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Wednesday, May 22, 2024
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AU alum Sarah McBride talks about transgender pride, legislation and her personal journey

'Rejection creates an excuse, while acceptance creates a standard'

The first time Delaware state Sen. Sarah McBride asked someone to refer to her using she/her pronouns, she was a student at American University. It was in the McKinley Building where she first messaged a friend and asked them to use the name Sarah for her. 

McBride, who graduated from the School of Public Affairs in 2013, came out as transgender in 2012. Before McBride was a senator or a graduate, she was president of AU Student Government, making the journey of coming out more uncertain. 

In an event held by Students for Change, the Kennedy Political Union and AU Pride on March 31, McBride spoke about her coming out journey at AU, specifically in a position of leadership.

“I didn't have many other trans people to see, to talk with, just to be in spaces with, to see how the campus interacted with them and to know that I could have that space,” McBride said at the event. “And as Student Government president, I didn't know how the campus would respond to an out trans student, let alone an out transgender student body president.” 

The discussion, held in honor of Transgender Day of Visibility and moderated by Sebastian Mahal, a sophomore in SPA and the College of Arts and Sciences, allowed McBride to talk not only about her personal experience, but how AU helped foster an environment where she felt comfortable being true to her identity.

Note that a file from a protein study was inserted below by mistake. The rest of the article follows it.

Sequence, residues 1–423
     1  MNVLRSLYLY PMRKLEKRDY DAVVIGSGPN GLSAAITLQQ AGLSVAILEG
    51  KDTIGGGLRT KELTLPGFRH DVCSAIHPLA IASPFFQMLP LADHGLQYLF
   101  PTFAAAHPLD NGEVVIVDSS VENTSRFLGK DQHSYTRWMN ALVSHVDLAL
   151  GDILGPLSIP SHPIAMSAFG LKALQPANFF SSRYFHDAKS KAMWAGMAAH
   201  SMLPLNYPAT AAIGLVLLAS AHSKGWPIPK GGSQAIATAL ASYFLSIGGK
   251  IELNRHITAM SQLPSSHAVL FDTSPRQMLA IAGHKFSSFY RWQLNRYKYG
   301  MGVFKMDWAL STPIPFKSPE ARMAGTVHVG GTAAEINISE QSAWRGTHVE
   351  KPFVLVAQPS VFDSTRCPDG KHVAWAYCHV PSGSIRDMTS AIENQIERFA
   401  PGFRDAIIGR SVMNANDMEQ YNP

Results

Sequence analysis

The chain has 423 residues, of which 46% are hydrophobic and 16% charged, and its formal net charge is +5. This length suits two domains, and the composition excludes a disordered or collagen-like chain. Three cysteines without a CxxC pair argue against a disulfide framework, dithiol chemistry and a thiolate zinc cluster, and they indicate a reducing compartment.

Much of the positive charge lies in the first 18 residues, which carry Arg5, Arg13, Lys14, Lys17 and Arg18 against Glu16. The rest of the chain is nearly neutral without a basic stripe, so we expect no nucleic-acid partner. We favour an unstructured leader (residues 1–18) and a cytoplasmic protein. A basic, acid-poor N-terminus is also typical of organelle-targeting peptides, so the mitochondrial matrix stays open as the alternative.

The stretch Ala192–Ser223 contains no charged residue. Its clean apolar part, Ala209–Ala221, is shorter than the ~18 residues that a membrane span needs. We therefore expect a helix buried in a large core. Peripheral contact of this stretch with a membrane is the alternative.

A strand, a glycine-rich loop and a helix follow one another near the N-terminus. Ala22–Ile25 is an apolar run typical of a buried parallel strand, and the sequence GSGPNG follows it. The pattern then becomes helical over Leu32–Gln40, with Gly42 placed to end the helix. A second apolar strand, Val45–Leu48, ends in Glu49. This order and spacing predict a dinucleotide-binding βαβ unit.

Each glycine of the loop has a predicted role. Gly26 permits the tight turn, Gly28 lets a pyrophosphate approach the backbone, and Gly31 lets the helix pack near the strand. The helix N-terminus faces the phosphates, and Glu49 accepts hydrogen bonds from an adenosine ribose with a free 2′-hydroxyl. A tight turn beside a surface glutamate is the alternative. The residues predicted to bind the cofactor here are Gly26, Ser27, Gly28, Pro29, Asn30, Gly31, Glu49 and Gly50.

“This campus saved my life, and my friends on this campus saved my life with the way they responded,” she said. “Rejection creates an excuse, while acceptance creates a standard.” 

McBride expressed this sentiment throughout her discussion, talking about recent legislation passed to attack the rights of transgender people and attempts to ban drag shows across the U.S. 

These laws, McBride said, are an attempt to “other” transgender people by using “fear mongering and scare tactics.” She compared this to a slingshot: you have to move back before you move forward at a fast pace.

Storytelling, she said, is imperative to making the slingshot move.

“I do fundamentally believe that it is much more difficult to hate someone whose story you know, and one of the reasons why the politics of fear is able to materialize is because there is still … a knowledge gap that the general public has around who transgender people are,” she said. 

In the absence of storytelling of LGBTQ+ lives in the media and in the public, these fear mongering political tactics are able to take hold, McBride said. 

In addition to storytelling, McBride expressed the need for federal protections and national LGBTQ+ nondiscrimination laws. 

“People will lose their lives because of these bills,” she said. 

Within the LGBTQ+ community, McBride said that support should not be considered a privilege. She said everyone deserves to have structures to provide them with emotional and physical support, ranging from accepting friend groups to accessible, gender-affirming healthcare. 

At AU, she was able to find this support. Without it, she said, the outcome of her journey could have been totally different. 

“I think it was that experience, receiving that support myself, that pushed me into a professional advocacy career,” she said. “I ultimately felt it shouldn't be a privilege to be able to be embraced by your campus, or embraced by your family, or be able to get a job, or stay in school.”

This article was edited by Zoe Bell, Jordan Young and Nina Heller. Copy editing done by Isabelle Kravis, Leta Lattin and Stella Guzik.

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